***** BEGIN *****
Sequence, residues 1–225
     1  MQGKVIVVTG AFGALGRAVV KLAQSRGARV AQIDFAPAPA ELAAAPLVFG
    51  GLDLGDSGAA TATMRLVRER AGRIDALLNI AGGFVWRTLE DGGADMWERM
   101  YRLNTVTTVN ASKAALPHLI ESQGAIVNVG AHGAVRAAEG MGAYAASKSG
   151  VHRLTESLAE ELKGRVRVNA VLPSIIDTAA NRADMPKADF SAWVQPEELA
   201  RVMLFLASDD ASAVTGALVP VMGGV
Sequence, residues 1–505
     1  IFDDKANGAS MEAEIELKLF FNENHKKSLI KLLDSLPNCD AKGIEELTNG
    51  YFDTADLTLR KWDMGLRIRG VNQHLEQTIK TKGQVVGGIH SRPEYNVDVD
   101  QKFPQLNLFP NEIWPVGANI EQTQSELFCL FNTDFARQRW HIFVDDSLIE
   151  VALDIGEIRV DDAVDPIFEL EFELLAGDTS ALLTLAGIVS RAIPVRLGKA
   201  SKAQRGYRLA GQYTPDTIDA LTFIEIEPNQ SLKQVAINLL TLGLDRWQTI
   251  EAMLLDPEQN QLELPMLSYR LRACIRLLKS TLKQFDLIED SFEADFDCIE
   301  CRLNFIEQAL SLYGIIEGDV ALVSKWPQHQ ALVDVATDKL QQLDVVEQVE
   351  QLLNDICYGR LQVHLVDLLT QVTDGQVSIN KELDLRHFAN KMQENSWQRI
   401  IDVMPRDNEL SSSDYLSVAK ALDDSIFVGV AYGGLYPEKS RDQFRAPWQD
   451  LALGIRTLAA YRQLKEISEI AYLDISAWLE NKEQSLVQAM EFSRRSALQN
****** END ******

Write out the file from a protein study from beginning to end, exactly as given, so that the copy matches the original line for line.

Sequence, residues 1–225
     1  MQGKVIVVTG AFGALGRAVV KLAQSRGARV AQIDFAPAPA ELAAAPLVFG
    51  GLDLGDSGAA TATMRLVRER AGRIDALLNI AGGFVWRTLE DGGADMWERM
   101  YRLNTVTTVN ASKAALPHLI ESQGAIVNVG AHGAVRAAEG MGAYAASKSG
   151  VHRLTESLAE ELKGRVRVNA VLPSIIDTAA NRADMPKADF SAWVQPEELA
   201  RVMLFLASDD ASAVTGALVP VMGGV
Sequence, residues 1–505
     1  IFDDKANGAS MEAEIELKLF FNENHKKSLI KLLDSLPNCD AKGIEELTNG
    51  YFDTADLTLR KWDMGLRIRG VNQHLEQTIK TKGQVVGGIH SRPEYNVDVD
   101  QKFPQLNLFP NEIWPVGANI EQTQSELFCL FNTDFARQRW HIFVDDSLIE
   151  VALDIGEIRV DDAVDPIFEL EFELLAGDTS ALLTLAGIVS RAIPVRLGKA
   201  SKAQRGYRLA GQYTPDTIDA LTFIEIEPNQ SLKQVAINLL TLGLDRWQTI
   251  EAMLLDPEQN QLELPMLSYR LRACIRLLKS TLKQFDLIED SFEADFDCIE
   301  CRLNFIEQAL SLYGIIEGDV ALVSKWPQHQ ALVDVATDKL QQLDVVEQVE
   351  QLLNDICYGR LQVHLVDLLT QVTDGQVSIN KELDLRHFAN KMQENSWQRI
   401  IDVMPRDNEL SSSDYLSVAK ALDDSIFVGV AYGGLYPEKS RDQFRAPWQD
   451  LALGIRTLAA YRQLKEISEI AYLDISAWLE NKEQSLVQAM EFSRRSALQN